What is strange is that the positioning of this fortress on the map (just to the north of Tortosa) suggests that it is meant to refer to Marqab/Margat.  This was basically the only major castle (with the exception of Belda/Balda) on this stretch of coastline still in Frankish hands (having been fully sold to the Hospitallers by Bertrand Masoir in 1187 – not 1186 as you state elsewhere on the map: on this see Mayer, Varia Antiochena, p. 182) with the port cities of Latakia and Jabala having been lost to Saladin in 1188.

Interestingly (or not), we also know of a site within the Marqab lordship called Andesin/Anedesin (see Cahen, Syrie du Nord, pp. 176, 525) which is feasibly close enough in sound to Tizin and, given that it was handed to the Hospitallers along with Marqab in 1187 (see the charter in Delaville le Roulx, Cartulaire General, pp. 491-496) it was probably still in Military Order hands at the time of the map’s creation.  It is quite possible that Anedesin was some form of stopping off point along the coast (albeit one not as important as Marqab) given that neither Latakia or Jabala were open to Frankish ships, hence it would warrant inclusion.  There were quite a few small-ish ports along the Syrian coast which may have acted as stopping points for shipping (to gain water etc.), which Tasha Vorderstrasse (see her book on al-Mina) and Balazs Major (see his PhD thesis called ‘Medieval Rural Settlements in the Syrian Coastal Region (12th and 13th Centuries)’/his forthcoming book) have so far demonstrated.  That being said, we have no idea where Andesin was or if it ever had a castle (although many of northern Syria’s fortresses/sites are now quite unknown to us). A true conundrum!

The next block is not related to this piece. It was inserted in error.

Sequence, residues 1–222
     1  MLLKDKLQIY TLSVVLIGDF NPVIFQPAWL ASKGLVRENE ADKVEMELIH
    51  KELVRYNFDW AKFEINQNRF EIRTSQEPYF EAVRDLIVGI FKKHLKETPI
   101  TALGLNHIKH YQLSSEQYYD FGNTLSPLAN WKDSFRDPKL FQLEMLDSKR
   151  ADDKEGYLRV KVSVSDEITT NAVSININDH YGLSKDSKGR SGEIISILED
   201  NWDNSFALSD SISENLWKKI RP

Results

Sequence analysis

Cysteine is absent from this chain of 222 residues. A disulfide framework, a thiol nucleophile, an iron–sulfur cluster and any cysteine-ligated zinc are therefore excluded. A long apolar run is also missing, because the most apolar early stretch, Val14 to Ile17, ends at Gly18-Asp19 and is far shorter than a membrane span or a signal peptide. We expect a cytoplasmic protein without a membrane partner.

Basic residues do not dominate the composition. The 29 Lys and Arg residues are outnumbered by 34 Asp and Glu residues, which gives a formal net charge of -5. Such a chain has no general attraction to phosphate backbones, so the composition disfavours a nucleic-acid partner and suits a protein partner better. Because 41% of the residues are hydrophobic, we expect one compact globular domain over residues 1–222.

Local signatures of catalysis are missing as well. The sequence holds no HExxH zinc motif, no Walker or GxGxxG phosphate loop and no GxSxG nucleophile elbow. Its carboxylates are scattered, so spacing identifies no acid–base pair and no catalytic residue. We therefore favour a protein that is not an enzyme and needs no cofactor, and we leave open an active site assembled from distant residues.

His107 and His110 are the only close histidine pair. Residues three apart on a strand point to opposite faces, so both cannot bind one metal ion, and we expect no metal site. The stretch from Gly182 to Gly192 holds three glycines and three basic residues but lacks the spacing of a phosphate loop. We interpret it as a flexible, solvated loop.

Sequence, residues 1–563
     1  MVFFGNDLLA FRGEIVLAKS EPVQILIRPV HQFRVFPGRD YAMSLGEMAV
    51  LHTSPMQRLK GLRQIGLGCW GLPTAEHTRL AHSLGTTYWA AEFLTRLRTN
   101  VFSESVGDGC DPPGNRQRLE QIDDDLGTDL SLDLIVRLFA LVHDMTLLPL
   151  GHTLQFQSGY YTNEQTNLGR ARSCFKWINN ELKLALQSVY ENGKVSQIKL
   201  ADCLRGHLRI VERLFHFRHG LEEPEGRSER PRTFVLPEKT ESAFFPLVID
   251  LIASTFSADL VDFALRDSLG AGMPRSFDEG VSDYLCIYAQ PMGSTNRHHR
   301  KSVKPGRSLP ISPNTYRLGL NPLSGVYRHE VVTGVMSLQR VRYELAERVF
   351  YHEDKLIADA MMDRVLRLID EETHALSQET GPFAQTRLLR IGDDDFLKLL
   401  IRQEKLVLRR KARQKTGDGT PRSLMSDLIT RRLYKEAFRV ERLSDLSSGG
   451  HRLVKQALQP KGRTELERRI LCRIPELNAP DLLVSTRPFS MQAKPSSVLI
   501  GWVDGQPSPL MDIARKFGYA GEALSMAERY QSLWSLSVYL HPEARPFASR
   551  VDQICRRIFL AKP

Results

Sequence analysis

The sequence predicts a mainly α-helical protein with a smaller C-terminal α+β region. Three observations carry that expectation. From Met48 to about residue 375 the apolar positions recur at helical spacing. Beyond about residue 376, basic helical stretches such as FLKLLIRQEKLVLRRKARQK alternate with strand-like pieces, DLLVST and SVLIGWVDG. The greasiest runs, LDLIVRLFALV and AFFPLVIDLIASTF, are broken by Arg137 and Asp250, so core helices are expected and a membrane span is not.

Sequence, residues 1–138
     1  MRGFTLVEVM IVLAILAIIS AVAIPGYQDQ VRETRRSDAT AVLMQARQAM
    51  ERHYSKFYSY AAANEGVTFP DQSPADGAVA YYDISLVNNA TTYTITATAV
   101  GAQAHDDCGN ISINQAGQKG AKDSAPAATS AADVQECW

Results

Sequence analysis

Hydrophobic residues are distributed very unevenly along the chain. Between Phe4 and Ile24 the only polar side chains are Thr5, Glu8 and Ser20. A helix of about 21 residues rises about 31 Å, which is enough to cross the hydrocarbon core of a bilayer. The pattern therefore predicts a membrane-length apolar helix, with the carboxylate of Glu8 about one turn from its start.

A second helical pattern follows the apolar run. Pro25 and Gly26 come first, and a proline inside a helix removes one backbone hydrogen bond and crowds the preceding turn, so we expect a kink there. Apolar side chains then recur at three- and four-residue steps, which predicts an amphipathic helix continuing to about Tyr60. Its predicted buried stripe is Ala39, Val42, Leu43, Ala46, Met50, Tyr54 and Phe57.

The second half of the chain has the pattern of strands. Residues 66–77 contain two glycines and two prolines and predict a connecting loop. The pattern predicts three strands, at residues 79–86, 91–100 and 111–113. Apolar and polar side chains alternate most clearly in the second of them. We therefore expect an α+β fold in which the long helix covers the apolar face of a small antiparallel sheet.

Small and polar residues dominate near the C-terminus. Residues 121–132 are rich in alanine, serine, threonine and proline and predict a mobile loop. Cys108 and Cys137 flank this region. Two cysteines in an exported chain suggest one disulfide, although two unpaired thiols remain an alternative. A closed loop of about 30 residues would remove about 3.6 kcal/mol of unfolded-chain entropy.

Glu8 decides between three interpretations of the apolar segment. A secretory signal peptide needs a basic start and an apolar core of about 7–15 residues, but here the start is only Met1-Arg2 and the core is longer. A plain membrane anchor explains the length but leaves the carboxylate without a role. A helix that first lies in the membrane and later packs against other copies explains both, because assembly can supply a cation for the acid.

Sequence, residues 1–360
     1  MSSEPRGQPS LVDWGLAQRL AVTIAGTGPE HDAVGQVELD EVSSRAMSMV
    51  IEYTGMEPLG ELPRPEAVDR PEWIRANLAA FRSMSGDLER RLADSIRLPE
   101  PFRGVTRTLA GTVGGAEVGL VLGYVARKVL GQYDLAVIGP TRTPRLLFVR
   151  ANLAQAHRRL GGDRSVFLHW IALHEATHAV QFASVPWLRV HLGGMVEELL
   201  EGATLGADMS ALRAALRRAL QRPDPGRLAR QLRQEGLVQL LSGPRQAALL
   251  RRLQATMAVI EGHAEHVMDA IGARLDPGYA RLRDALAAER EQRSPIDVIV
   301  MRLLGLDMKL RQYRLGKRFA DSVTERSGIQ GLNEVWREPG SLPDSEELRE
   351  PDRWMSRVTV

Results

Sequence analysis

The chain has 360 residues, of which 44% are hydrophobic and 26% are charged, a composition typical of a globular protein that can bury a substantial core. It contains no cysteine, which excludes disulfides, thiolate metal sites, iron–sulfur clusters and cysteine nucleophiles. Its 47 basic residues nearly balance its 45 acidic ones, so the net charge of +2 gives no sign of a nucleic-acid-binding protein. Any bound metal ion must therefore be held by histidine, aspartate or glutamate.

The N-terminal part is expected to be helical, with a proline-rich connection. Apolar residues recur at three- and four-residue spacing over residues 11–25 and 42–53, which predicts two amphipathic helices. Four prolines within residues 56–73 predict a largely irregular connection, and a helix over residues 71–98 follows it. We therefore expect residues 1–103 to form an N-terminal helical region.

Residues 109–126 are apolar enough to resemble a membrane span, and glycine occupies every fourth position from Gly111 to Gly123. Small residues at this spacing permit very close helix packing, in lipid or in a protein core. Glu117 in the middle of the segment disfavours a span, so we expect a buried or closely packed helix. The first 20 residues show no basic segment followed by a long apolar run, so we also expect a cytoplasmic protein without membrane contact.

Response from Nicholas Paul